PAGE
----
For Michel Serres, discursive consensus, veridiction, scientific facticity, and related ‘transparent’ and evidence-based modes of transmission are contingent upon the phobic elimination of impinging noise or ‘cacography’ from their communicative circuits. Cacography is the noise of graphic form, whether discursive, scopic, or embodied, that can equivocally disrupt or re-entrench hierarchies of credibility and their sanitized channels of transmission. Cacographic verification is a traumatropology of truth. Allan Feldman’s focus lies with the scenic affirmation of sovereign right through the cacographic body as an assemblage of material and immaterial effects and affects. How do counterfeit realisms and a politics of nonlight (aphos) instate a sovereign act of violence as immaterial, insensible, intangible – as political noise or cacography? Empowering traumatropes of sovereignty and death are comparatively mapped via the Red Army Faction photo-paintings of Gerhard Richter and the counterfeit biometrical corpse archive forged by American kill teams in Afghanistan.
Political Anthropologist Allen Feldman is the author of three books, including Archives of the Insensible: Of War, Photopolitics, and Dead Memory (2015); Formations of Violence: The Narrative of the Body and Political Terror in Northern Ireland (1991). He has published numerous articles on visual culture and political violence the political sensorium of the body and on transitional justice. His essay ‘On the Actual Gaze: from Desert Storm to Rodney King’ (1994) pioneered the interface between visual culture and critical race theory. His latest publication ‘War Under Erasure: Contretemps, Disappearance, Anthropophagy, Survivance’ (2019) proposes collateral damage and enforced disappearance as scopic regimes under erasure. He is currently writing a book on omnivoyant war and the desubjectivation of vision. He is Professor of Media, Culture and Communication and teaches the politics of the gaze, media archeology, and the philosophy of media at New York University.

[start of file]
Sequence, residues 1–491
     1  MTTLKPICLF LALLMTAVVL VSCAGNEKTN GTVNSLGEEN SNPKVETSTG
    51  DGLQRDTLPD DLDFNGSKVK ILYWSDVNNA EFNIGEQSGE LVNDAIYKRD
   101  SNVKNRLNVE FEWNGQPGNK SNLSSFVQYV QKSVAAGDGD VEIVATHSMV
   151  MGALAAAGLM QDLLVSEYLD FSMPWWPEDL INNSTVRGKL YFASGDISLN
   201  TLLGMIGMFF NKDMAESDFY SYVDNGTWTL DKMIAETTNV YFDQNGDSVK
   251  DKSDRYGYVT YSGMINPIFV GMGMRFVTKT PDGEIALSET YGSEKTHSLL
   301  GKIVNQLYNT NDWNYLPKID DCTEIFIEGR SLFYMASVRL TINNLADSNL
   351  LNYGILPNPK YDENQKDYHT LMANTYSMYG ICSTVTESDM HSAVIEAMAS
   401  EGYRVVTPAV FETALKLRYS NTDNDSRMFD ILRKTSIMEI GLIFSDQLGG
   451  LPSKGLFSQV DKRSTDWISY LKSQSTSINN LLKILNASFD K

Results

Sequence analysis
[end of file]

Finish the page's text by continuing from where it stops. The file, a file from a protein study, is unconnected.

Stéphanie Benzaquen-Gautier and Afonso Dias Ramos for Art Histories, in cooperation with the ICI Berlin
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